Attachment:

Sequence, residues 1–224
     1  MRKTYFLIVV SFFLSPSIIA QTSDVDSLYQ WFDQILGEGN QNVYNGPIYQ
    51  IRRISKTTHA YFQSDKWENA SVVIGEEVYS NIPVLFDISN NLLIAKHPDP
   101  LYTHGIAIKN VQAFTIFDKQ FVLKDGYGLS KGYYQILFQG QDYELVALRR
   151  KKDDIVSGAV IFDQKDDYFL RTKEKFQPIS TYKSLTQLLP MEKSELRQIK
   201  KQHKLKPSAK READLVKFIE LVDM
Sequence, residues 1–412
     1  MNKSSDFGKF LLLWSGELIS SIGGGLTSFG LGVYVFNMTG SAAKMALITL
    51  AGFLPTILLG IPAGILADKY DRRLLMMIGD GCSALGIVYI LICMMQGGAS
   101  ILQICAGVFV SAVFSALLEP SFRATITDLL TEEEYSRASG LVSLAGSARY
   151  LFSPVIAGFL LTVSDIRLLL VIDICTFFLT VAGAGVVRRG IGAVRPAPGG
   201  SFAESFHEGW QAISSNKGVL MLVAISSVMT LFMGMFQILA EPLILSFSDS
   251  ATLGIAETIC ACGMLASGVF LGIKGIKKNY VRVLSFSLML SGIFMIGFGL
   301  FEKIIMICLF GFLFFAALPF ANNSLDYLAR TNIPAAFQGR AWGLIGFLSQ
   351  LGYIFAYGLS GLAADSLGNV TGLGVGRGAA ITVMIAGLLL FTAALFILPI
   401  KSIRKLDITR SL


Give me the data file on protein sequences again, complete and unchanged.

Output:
Sequence, residues 1–224
     1  MRKTYFLIVV SFFLSPSIIA QTSDVDSLYQ WFDQILGEGN QNVYNGPIYQ
    51  IRRISKTTHA YFQSDKWENA SVVIGEEVYS NIPVLFDISN NLLIAKHPDP
   101  LYTHGIAIKN VQAFTIFDKQ FVLKDGYGLS KGYYQILFQG QDYELVALRR
   151  KKDDIVSGAV IFDQKDDYFL RTKEKFQPIS TYKSLTQLLP MEKSELRQIK
   201  KQHKLKPSAK READLVKFIE LVDM
Sequence, residues 1–412
     1  MNKSSDFGKF LLLWSGELIS SIGGGLTSFG LGVYVFNMTG SAAKMALITL
    51  AGFLPTILLG IPAGILADKY DRRLLMMIGD GCSALGIVYI LICMMQGGAS
   101  ILQICAGVFV SAVFSALLEP SFRATITDLL TEEEYSRASG LVSLAGSARY
   151  LFSPVIAGFL LTVSDIRLLL VIDICTFFLT VAGAGVVRRG IGAVRPAPGG
   201  SFAESFHEGW QAISSNKGVL MLVAISSVMT LFMGMFQILA EPLILSFSDS
   251  ATLGIAETIC ACGMLASGVF LGIKGIKKNY VRVLSFSLML SGIFMIGFGL
   301  FEKIIMICLF GFLFFAALPF ANNSLDYLAR TNIPAAFQGR AWGLIGFLSQ
   351  LGYIFAYGLS GLAADSLGNV TGLGVGRGAA ITVMIAGLLL FTAALFILPI
   401  KSIRKLDITR SL